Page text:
Thursday, April 30, 2015

Jersey Summer Dress - Pt. 2: muslin, alterations & lining choice

Apart from the fashion fabric, which I showed you in the last post, I want to line the dress. Although it should be possible to make this dress without a lining, I prefer to insert it. The rayon jersey has very nice drape, which is great for the skirt of the dress, but for the bodice I would like it to be a little bit more stable and with more structure.

There are different options for the lining fabric:

  • woven lining: The pattern is written for woven fabric, so theoretically I could use woven lining fabrics, which is available in a huge selection of materials, ranging from polyester to silk. However, I don't want to loose the comfiness of the jersey fabric, so I will not go in that direction.
  • knit lining: This would be sort of the obvious choice, however, as far as I know, knit linings are only available as polyester. The rayon fashion fabric will be very comfortable to wear, also at higher temperatures, and I don't want to loose this by using a poly lining.
  • rayon jersey: This will be my lining of choice - I'll simply use another rayon jersey. It has similar properties as the fashion fabric, is stretchy, comfortable to wear and will still provide some added stability.
Because the pattern is made for woven fabric and not knits, I muslin was a definite must. I used a simple white rayon jersey for both the fashion fabric and lining in the test run.

Due to the stretch of the fabric, I had to alter quite a bit. I took out 1.5 cm in each side seam, as well as 3 cm in the length of the bodice. The pattern comes with two alterations lines for the length: one in the armhole region, and one between the bust and the waistline. I split the adjustment and took out 1 cm at the armhole and 2 cm above the waist.
In the back bodice, I took out another 1 cm at the center back, tapering to nothing towards the side seam.

This is the muslin with all the alterations pinned in place on my dressform:



I'm quite happy with the fit, and also with the fabric choice - the dress will be incredibly comfortable to wear!

Up next: Cutting & bodice construction!

Wednesday, April 15, 2015

Vogue Patterns 1027: DKNY Knit Wrap Dress

I'm in love with knit dresses. And I adore wrap dresses. So Vogue 1027 seems like the perfect pattern for me.

The pattern is form the Vogue designer line, in this case it's a pattern by DKNY:

  

The fabric is a light blue knit, which is a bit heavier than what would suit the pattern best. Still, I like the colour a lot and it was a steal at the local fabric outlet.

I'm quite new to working with knits, and I don't own a serger. I stitched the seams with a narrow zig-zag, and finished the seam allowances by stitching a second time about 5 mm next to the seam. The fabric doesn't fray at all, so this should be fine.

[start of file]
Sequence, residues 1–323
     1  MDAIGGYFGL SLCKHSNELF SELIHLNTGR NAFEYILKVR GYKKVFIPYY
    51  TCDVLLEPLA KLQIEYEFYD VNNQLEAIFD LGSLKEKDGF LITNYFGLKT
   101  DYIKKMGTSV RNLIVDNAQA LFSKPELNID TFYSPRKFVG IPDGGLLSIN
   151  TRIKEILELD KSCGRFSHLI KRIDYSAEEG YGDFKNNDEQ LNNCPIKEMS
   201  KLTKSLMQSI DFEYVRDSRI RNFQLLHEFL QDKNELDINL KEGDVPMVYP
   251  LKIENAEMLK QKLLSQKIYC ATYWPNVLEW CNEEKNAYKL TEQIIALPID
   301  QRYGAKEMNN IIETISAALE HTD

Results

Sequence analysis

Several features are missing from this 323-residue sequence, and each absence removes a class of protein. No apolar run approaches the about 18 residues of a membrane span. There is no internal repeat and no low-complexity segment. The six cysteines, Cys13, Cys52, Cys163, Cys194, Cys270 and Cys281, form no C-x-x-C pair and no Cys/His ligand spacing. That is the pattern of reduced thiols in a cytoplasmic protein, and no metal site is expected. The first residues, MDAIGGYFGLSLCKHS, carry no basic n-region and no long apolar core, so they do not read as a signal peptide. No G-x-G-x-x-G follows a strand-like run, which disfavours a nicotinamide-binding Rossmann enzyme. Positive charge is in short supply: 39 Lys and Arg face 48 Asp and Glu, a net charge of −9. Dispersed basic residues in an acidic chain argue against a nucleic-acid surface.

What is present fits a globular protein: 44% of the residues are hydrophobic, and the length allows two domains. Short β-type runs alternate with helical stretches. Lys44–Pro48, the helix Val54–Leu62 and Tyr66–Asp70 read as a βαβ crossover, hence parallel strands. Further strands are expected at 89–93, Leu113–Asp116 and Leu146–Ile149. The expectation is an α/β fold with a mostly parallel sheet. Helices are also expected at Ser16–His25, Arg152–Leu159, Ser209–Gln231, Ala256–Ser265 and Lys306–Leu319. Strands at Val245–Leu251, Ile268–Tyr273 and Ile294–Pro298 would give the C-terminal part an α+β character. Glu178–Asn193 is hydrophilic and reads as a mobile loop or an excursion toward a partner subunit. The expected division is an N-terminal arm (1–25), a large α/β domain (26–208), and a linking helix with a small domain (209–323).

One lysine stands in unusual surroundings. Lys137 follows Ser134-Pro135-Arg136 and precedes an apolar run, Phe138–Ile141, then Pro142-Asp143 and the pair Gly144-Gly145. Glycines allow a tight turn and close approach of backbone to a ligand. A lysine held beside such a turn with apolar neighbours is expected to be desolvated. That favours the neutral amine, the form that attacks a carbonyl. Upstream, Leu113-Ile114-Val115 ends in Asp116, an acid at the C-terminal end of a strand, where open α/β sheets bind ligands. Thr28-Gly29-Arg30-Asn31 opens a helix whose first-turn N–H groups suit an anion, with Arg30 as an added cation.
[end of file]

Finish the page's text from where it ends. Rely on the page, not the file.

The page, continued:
The neckline and hem were stitched with a twin needle.


Here are the pictures of the finished dress:

 


What I really like about this dress are the side seam pockets. They are really big and provide a lot of space without disturbing the shape of the dress becuase they are hidden in the full skirt.


And the best thing about the dress: it goes perfectly with my blue heels :-D


I really love this pattern, and I will definitely sew this again!

Jersey Summer Dress - Burda 7260

J and I are invited to two weddings this spring, and although I have a few wearable options in my closet, I decided to make a new dress for these occasions.

I was inspired by this gorgeous dress that Fran posted a couple of weeks ago:




Source: Nordstrom

Looking for a pattern, I found Burda 7260, which comes in two different lengths:

 
Source: Burdastyle.de


Combining the collar of the B version with the length of the A version comes very close to what I imagined.

The pattern suggests Chiffon, Georgette or Crepe the Chine. However, when I went fabric shopping, I ended up with a wonderful printed italian rayon jersey ...


Tthe drape of the jersey will be okay, but it's very flimsy and stretchy, and I have no idea how the pattern will behave when made up in a knit fabric.

When dealing with a border print fabric, there are difficult choices to make ... which part of the fabric goes where on the finished dress?

After some draping on Hannah the dressform, I decided for an arrangement like this:


The print is placed at the hem. At the waistline, the color gradient has changed from almost white to turquoise. From the waistline upwards, the fabric is arranged the other way around - going from turquoise to white-ish.

I've already made a muslin and fitted the pattern, so stay tuned for the next post.

Love,
B.

Tuesday, April 7, 2015

Winter comeback?

Because we had a comeback of winter in the last couple of days, I want to share one of my winter knitting projects with you.

Already last winter I made a wonderful hat for myself. It's made out of Álafoss Lopi, which is wool that comes from iclenadic sheep. And what can I say, my other half liked it so much that he wanted one for himself:






The pattern is available via ravelry, and has some really interesting details. I especially like the braided edge of the hat and ear flap:


I added fleece lining to the hat to make it even warmer and more wind proof. Also, it protects from the scratchyness of the wool.



We both love our hats - still, let's hope we won't be needing them for next couple of months!

See you soon,

B.

ETA: J pointed out that not only did he ask for the hat, he also suggested a significant improvement: the fleece lining (and as much as it hurts me to confess it: you were right ;-) )